Another Midsummer Night’s Dream — A Story
A Story by Chuck Fager
Copyright (c) All rights reserved
PART ONE: Four Days Into Lockdown
It was hot. The summer of 1970 was burning scorched-looking brown spots in the green Pennsylvania hills, and made the wide cornfields around us crackle, as if their just-forming ears were going to swell up and start popping any minute now.
Inside the wall, humidity condensed and trickled down the walls of our cells, and the smells of mildew and old sweat were everywhere. It occurred to me that it must be something like this in the rice paddies of Vietnam. That was an irony for you: I had refused to join the army and go the rice paddies, so rice paddy weather had come to me.
Naturally, the U.S. Bureau of Prisons didn’t believe in air conditioning, except of course in the guards’ lounge and the warden’s office. Worse yet, the bureaucrats had been spooked by the news from Attica, three hours to the northwest of us in New York. A week earlier the men there had rebelled and taken hostages, until the state troopers blasted them out. Dozens had been
killed and wounded as law and order, as the governor liked to say, were restored.
But Attica was in a different state, and a different system –hell, a different planet almost. This was a medium security joint, and after a year here I thought I had a good ear for the tension level in our block at least, and it felt like we had about as much fight in us as a damp potato chip. The heat wrung it out of us, simmering us in the depression and despair that are more usual among caged men.
The worst of it for me was that the lockdown order had come the day before my next visit to the library. Reading was the one pleasure I could legally retain inside, and now I was caught without it. There were only two books in my cell, a Horatio Hornblower novel and the Bible the visiting committee from the Meeting brought me.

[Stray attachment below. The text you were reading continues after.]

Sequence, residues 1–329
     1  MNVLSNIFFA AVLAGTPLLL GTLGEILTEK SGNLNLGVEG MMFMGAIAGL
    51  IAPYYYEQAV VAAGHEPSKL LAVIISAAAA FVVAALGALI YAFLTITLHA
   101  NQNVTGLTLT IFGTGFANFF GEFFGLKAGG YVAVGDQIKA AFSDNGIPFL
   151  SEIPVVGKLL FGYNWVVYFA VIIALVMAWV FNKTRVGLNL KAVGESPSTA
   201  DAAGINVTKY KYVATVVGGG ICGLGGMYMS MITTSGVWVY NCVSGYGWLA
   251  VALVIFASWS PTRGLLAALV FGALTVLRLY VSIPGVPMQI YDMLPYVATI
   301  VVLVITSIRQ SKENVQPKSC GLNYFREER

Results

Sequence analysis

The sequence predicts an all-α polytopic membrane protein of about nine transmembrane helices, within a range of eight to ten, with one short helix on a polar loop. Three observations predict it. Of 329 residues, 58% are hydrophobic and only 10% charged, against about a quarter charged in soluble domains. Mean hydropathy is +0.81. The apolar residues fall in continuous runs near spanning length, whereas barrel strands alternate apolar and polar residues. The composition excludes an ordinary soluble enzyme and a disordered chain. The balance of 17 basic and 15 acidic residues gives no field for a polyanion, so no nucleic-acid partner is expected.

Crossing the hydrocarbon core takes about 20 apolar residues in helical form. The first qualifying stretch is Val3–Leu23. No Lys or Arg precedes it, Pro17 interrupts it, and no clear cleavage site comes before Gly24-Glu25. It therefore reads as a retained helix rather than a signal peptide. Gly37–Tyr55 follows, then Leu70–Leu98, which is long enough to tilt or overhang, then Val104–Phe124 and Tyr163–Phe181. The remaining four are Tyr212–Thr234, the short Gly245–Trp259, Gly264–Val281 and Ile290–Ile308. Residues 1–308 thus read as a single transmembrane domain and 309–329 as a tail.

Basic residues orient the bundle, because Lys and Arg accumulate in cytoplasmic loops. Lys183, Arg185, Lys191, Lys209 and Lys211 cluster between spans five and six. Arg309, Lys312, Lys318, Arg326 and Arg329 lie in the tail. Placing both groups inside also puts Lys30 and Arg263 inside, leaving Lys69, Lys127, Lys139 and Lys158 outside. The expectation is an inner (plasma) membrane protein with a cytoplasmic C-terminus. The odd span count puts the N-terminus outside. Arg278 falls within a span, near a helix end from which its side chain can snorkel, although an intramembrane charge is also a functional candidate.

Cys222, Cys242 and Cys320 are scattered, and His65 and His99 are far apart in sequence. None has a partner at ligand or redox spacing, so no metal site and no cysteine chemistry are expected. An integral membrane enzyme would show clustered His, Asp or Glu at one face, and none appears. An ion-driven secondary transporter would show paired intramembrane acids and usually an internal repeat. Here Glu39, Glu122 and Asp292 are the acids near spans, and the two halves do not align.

I’d read both already. The Bible hadn’t been as bad as I thought it would be; but I wasn’t ready to start on it again. The Hornblower had mostly been a bore; did I really care what happened to some British naval commander in the Napoleonic wars? Besides, there was no sex in it to speak of.
The only parts which really held me were the descriptions of the sea. They made the ocean sound cool and wet, with a breeze, and sometimes tantalizingly close.
I dreamed about the sea twice while reading Hornblower. After the second dream, I decided that as soon as I made parole, I was heading for the beach, and nobody better try to stop me.
A good many hours were passed wondering which beach was closest to here –Cape May, New Jersey? Rehoboth Beach in Delaware? Or what about Cape Cod? It was farther away, but the beaches were nicer, or so I’d been told. Maybe Nantucket; yes –Nantucket, being an island, would be surrounded on all sides by that cool dark water and its breezes.
That’s one of the ways you pass time inside, thinking pointless thoughts about pointless things. It’s a waste of your time, a waste of your life; but don’t let me get started on that.
If the Hornblower book had been a mistake, there was another war novel I was anxious to read, The Captain, by Jan de Hartog. It was about the sea too, and rescue boats in World War Two. Quaker pacifist that I was, that was a war I could relate to. The Nazis were evil, and I knew which side was supposed to win, even if I wouldn’t have joined in the fighting. Or maybe I would have; lots of Quakers did. A copy of The Captain sat in the prison library; I’d seen it there last time, looked through it, and put it next on my mental “gotta read this” list. But when would I get my hands on it?